Everyone knows good communication among colleagues is key to a healthy office environment. Beyond email, there are so many tools out there to increase efficiency and productivity or simplify processes.
Today’s communication tools can help solve internal business communication problems and assist companies achieve their goals.
What are some of the solutions people are using out there? Here are 5 easy-to-use work communication tools to boost productivity and more:
Online collaboration apps come and go but Slack has stuck. With its real-time messaging capabilities, Slack certainly cuts down on the need for back and forth emails. But Slack is much more than an instant messaging tool.
You can create public “channels” for specific projects, topics and departments, or private channels when you don’t need every employee involved in the conversation.
Some would consider it a must-have for growing companies. Every company uses it differently, but Slack isn’t supposed to pull you into more conversations than email did.
“It’s supposed to make sure the right people have access to the right conversations whenever they need it,” says Sarah Lang of Ticketleap, who wrote tips on how to use Slack.
All files—images, PDFs, Google docs—can be dropped into Slack and shared with anyone you want. If you use services like Google Drive, Dropbox or Box, simply paste the link and the document is immediately in sync and searchable.
There’s nothing more annoying than when responsibilities aren’t clear and information is scattered in various places. Asana is a project management tool that cuts through the chaos of micromanagement and multiple meetings.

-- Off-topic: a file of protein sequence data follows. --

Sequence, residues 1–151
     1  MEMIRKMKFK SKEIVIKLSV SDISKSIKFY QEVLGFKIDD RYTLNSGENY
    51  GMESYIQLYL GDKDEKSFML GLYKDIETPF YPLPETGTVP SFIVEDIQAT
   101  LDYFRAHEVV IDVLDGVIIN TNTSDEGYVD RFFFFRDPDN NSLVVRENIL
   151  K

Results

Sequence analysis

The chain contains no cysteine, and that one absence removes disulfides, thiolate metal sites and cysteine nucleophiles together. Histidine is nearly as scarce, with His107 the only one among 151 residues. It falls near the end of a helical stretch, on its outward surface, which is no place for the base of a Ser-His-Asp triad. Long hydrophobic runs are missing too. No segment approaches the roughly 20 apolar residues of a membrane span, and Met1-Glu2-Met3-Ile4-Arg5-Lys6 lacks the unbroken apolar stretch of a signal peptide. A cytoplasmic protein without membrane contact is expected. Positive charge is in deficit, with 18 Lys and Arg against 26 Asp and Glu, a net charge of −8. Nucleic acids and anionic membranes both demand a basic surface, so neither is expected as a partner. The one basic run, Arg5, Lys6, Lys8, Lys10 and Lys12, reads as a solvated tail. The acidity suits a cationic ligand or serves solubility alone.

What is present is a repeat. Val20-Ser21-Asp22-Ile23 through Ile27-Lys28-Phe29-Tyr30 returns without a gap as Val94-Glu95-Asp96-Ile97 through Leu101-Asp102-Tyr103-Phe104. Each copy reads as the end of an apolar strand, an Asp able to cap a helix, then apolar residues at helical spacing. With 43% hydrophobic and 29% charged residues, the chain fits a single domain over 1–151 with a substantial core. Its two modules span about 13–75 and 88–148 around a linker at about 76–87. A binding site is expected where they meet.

Everyday workflow can be tracked efficiently using Asana. There’s no mystery as to who’s responsible for what. Asana helps manage tasks, duties and flow. It’s also free for teams of 15 people or less.
Another free project management tool and competitor to Asana is Trello. Think of it as a giant and endless bulletin board where tasks, ideas and notes can be organized in columns.
“Okay, I’ll admit: not so sexy. But Trello has the power to change the way you think about your projects. Promise,” writes Justin Cone on his blog.
Realizing that complex projects are not linear, Trello helps manage teams, or you can even use it to manage your life.
Many web and design agencies use the popular Basecamp because it helps them collaborate directly with their clients. It also has a friendly UI.
All tasks are organized in to-do lists, with due ranges and dates, and assigned employees to avoid confusion. You can prioritize and reorder tasks, and tailor the system to work for your company’s needs.
At the end of every operation, Basecamp summarizes accomplishments, and lets you generate automated reports and save even more time. There are many project management software competitors to Basecamp, though, including Wrike and Teamwork.
For web conferencing, GoToMeeting is a favorite for many small business. It has one-click screen share and can record meeting sessions. It also has multi-national toll-free numbers, which is good for companies with satellite offices.
There are many, many more project management tools out there for teams, companies and even individual use. “Solopreneurs” juggle many different roles, so there are others sets of tools and apps out there to help streamline your daily tasks and keep tabs on your finances.
Before jumping into any software, apps, and tools, be sure they are practical and intuitive for your company, and have the qualities and reliability you need. Information can’t all be kept in email threads and spreadsheets, so use modern technology to remain productive and manage your time wisely with all the awesome apps available today.
Author: Melissa Davidson is a freelance writer with a B.A. in Journalism from the University of Montana. She’s a former newspaper reporter who now frequently writes about women in business, social issues, mental health and the occasional pop culture story. Follow Melissa on Twitter @madtris